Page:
September 1998
Volume 39, Issue 10
Free
Articles  |   September 1998
Abnormal eye development associated with Cat4a, a dominant mouse cataract mutation on chromosome 8.
Author Affiliations
  • P A Grimes
    Department of Ophthalmology and Scheie Eye Institute, University of Pennsylvania School of Medicine, Philadelphia 19104-6075, USA.
  • B Koeberlein
    Department of Ophthalmology and Scheie Eye Institute, University of Pennsylvania School of Medicine, Philadelphia 19104-6075, USA.
  • J Favor
    Department of Ophthalmology and Scheie Eye Institute, University of Pennsylvania School of Medicine, Philadelphia 19104-6075, USA.
  • A Neuhäuser-Klaus
    Department of Ophthalmology and Scheie Eye Institute, University of Pennsylvania School of Medicine, Philadelphia 19104-6075, USA.
  • D Stambolian
    Department of Ophthalmology and Scheie Eye Institute, University of Pennsylvania School of Medicine, Philadelphia 19104-6075, USA.
Investigative Ophthalmology & Visual Science September 1998, Vol.39, 1863-1869. doi:
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      P A Grimes, B Koeberlein, J Favor, A Neuhäuser-Klaus, D Stambolian; Abnormal eye development associated with Cat4a, a dominant mouse cataract mutation on chromosome 8.. Invest. Ophthalmol. Vis. Sci. 1998;39(10):1863-1869.

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      © ARVO (1962-2015); The Authors (2016-present)

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Abstract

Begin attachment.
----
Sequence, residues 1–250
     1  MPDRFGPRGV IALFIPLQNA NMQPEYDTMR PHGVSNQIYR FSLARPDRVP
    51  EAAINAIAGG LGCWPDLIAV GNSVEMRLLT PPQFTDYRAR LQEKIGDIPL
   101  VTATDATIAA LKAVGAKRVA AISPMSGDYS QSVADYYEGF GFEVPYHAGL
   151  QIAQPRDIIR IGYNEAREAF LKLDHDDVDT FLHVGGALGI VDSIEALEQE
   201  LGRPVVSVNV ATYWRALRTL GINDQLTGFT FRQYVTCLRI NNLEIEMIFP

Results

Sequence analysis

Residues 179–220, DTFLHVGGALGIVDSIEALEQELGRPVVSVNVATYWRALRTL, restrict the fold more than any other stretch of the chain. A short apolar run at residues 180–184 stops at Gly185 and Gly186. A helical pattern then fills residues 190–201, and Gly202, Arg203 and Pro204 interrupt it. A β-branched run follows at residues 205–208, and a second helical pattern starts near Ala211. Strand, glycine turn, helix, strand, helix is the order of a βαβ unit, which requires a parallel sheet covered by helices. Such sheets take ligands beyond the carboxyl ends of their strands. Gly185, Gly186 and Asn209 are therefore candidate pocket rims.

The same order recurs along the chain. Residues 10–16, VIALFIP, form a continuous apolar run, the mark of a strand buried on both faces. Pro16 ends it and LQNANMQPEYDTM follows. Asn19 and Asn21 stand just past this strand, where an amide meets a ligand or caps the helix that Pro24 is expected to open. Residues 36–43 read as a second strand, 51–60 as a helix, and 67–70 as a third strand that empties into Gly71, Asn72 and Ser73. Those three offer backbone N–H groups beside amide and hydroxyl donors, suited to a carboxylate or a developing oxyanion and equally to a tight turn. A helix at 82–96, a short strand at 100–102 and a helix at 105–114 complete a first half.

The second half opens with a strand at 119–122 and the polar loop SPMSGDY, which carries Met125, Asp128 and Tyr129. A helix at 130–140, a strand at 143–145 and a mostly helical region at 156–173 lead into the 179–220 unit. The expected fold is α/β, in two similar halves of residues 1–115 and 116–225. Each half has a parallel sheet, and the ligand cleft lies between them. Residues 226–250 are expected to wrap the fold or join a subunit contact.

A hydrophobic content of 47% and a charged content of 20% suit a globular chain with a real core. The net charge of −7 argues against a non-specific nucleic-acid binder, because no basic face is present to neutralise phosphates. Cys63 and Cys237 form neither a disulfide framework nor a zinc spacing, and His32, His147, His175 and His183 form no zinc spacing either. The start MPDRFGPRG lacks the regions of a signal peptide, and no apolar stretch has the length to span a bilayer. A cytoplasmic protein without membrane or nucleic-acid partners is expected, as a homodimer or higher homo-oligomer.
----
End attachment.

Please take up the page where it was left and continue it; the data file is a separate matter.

PURPOSE: Cat4a, one of four mutant alleles at the mouse Cat4 locus, causes central corneal opacity and anterior polar cataract in heterozygotes and microphthalmia in homozygotes. The Cat4 locus has been mapped to chromosome 8, 31 cM from the centromere. In this study ocular development of Cat4a mutant mice was investigated to characterize the defects in eye morphogenesis. METHODS: Serial sections from eyes of wild-type, heterozygous, and homozygous littermates were examined by means of light microscopy at selected intervals from embryonic day 11 to postnatal day 1. Eyes of adult heterozygous and homozygous mice also were evaluated histologically. RESULTS: Failure of separation of the lens vesicle from the surface ectoderm was the earliest structural defect observed. In heterozygous embryos, the abnormality was limited to persistent connection of the anterior pole of the lens to the cornea. Adult heterozygotes had defects in the central corneal stroma and endothelium and anterior polar cataracts with or without keratolenticular adhesion. In homozygous embryos, the persistent connection of lens to surface ectoderm was associated with aborted lens development, failure of closure of the optic fissure, and impairment of growth of the eyecup. Microphthalmic eyes of adult homozygous mice had a poorly developed cornea, and the anterior chamber and vitreous compartment were absent. An extensively folded retina and remnants of a degenerated lens filled the interior of the globe. CONCLUSIONS: A developmental defect inhibits separation of the lens vesicle from surface ectoderm in mice heterozygous or homozygous for the Cat4a mutation. In homozygotes subsequent lens and eye morphogenesis are also severely affected. Cat4a shows phenotypical similarity to several other independent mouse mutations including Small eye, a mutation of the Pax6 gene. Cat4 may be one of several genes involved in a common developmental path and may be part of the Pax6-regulated gene cascade governing eye morphogenesis.

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